The gun certainly becomes the point of contention once Hideo falls into company with a de rigueur Japanese schoolgirl (Kasumi Arimura) whom he vows to protect, and they happen upon a colony of survivors holed up atop a de rigueur shopping mall. The survivors, including nurse-turned commando Yabu (Masami Nagasawa) are led by the shady Iura (Yu Yoshizawa), who eyes Hideo’s gun covetously. A series of power-grabs and counter-coups ensues, while the zombies groaning and shambling below are learning new tricks.

If it sounds episodic, it certainly is: another quirk of serialized manga storytelling that is more or less directly translated to the screen. And though the overarching quest — to get to Mount Fuji for vaguely spoiler-y reasons — is established early, the film ends still very far away from the snow-capped destination. It’s thus shamelessly set up for a sequel, and though it’s inarguably overlong, narratively familiar and regrettably regressive in its sidelining of would-be kickass female characters, “I Am A Hero” is such gory, inventively violent fun that a follow-up is actually an appealing prospect. If nothing else, it should keep Japan’s fake movie-blood manufacturing industry in clover for years to come.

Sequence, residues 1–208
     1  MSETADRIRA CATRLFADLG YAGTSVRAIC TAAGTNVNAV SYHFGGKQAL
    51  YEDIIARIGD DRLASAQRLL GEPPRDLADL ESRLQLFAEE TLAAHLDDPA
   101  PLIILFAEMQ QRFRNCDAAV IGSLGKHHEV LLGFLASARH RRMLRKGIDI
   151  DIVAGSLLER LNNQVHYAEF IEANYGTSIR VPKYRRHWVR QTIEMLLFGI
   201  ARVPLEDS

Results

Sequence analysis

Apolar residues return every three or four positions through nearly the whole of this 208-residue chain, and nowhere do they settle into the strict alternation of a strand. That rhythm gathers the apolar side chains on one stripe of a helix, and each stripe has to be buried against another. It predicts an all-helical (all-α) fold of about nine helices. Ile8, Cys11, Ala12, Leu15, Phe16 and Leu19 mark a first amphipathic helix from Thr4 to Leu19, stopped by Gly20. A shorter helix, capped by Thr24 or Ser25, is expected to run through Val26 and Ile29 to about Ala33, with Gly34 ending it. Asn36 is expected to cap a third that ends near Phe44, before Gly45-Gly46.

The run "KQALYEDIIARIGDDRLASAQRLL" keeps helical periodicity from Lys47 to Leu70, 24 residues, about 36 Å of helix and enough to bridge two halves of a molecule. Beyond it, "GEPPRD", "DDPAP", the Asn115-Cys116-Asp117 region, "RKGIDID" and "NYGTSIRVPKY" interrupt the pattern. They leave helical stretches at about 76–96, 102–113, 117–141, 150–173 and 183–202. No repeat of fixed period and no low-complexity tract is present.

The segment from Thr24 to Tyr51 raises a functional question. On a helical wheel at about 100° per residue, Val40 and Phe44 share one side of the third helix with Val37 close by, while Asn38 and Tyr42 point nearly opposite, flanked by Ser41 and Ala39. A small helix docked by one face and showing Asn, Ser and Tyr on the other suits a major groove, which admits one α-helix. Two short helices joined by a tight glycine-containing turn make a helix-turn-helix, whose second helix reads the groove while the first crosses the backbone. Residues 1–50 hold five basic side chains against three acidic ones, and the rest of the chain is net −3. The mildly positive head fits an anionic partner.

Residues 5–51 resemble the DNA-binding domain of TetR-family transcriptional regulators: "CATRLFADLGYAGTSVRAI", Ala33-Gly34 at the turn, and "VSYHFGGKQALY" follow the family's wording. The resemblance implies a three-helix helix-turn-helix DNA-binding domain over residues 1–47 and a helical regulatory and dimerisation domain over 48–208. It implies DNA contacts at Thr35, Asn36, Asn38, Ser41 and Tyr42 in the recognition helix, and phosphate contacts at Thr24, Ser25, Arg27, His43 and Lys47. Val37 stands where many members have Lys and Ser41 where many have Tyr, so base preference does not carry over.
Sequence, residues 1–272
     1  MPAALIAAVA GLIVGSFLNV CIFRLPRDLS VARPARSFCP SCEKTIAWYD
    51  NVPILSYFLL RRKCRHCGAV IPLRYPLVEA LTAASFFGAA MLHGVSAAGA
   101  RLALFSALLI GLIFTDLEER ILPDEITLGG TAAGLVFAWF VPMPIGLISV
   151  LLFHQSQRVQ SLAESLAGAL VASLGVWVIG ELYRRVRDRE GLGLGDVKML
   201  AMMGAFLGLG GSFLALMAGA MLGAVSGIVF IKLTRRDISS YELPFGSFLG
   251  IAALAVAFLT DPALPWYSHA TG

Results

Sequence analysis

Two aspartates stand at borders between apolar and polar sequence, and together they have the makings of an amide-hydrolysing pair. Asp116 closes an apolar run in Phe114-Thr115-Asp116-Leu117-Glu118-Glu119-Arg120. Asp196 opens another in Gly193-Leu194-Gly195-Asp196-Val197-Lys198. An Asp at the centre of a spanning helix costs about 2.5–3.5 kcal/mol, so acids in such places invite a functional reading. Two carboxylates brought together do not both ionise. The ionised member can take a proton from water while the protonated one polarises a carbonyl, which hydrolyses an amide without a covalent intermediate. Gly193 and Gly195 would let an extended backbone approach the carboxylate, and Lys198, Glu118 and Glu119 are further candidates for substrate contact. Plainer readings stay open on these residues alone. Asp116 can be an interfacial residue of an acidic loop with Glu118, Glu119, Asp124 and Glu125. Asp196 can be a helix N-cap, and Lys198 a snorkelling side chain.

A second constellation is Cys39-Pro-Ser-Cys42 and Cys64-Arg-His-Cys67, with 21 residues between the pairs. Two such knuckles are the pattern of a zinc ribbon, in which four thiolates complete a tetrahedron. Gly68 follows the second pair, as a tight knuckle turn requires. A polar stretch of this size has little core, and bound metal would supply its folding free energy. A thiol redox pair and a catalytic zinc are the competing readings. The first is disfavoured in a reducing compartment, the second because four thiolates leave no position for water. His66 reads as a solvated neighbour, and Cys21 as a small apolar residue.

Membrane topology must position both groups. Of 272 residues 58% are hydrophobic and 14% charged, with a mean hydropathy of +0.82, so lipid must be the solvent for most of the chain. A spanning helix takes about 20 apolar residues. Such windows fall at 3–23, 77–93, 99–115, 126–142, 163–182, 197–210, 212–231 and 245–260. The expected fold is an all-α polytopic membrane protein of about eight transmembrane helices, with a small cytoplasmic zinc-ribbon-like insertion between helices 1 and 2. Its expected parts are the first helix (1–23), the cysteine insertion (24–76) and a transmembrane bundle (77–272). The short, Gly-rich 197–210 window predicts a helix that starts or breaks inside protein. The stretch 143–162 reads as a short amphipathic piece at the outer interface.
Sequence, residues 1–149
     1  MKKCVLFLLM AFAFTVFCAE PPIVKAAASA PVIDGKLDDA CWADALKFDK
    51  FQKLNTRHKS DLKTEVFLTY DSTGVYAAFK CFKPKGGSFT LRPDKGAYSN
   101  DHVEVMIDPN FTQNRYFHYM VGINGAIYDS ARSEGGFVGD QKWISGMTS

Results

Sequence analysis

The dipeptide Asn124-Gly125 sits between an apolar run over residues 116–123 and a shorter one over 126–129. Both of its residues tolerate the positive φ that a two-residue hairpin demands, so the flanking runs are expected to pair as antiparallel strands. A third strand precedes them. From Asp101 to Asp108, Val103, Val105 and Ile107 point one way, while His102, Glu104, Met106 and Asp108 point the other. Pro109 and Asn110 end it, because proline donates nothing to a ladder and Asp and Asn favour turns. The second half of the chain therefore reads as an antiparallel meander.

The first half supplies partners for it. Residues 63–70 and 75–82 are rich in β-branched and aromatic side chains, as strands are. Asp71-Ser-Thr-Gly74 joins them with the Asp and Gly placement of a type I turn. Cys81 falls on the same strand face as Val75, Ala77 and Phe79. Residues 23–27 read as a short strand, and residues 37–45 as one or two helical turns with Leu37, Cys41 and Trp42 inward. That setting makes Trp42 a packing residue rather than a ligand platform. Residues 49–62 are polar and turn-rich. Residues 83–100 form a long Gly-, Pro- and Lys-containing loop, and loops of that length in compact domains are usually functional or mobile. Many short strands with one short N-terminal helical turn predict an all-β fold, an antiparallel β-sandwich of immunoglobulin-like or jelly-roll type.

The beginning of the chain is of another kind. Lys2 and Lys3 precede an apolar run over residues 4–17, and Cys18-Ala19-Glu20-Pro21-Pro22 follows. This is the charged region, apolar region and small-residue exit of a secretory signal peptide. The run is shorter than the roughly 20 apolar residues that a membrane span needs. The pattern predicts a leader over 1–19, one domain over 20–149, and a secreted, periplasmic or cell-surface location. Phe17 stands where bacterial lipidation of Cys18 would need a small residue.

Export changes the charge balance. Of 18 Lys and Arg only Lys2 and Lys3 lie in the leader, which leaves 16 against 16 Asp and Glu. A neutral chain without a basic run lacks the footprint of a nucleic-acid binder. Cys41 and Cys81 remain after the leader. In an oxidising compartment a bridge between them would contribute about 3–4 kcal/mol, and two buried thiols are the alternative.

Film Review: 'I Am a Hero'

Reviewed at Karlovy Vary Film Festival (Midnight Screenings), July 3, 2016. (Also at Sitges, Stockholm, SXSW festivals.) Running time: 126 MIN. (Original title: "Ai amu a hiro")

Production: (Japan) A Toho Company (in Japan) release of a Toho Pictures production in association with Avex Pictures, Shogakukan, Dentsu, WOWOW, Hakuhodo DY Media Partners. (International sales: Toho Company, Tokyo.) Produced by Michiaki Yamasaki, Shiro Kido. Executive producers, Minami Ichikawa, Yoshiki Terashima, Masakazu Kubo, Riichiro Nakamura, Akira Tanaka, Tenshoku Iwata, Masanori Yumiya, Makoto Takahashi, Katsumi Chiyo, Eisaku Yoshikawa, Shinichiro Tsuzuki, Koji Bandou, Naoto Miyamoto.

Crew: Directed by Shinsuke Sato. Screenplay, Akiko Nogi, adapted from the manga by Kengo Hanazawa. Camera (color), Taro Kawazu; editor, Tsuyoshi Imai; music, Nima Fakhrara; music supervisor, Hirohide Shida; production designer, Iwao Saito; costume designer, Masae Miyamoto; visual effects supervisor, Makoto Kamiya.


Yô Ôizumi, Masami Nagasawa, Kasumi Arimura, Hisashi Yoshizawa, Yoshinori Okada, Yu Tokui, Nana Katase, Jin Katagiri.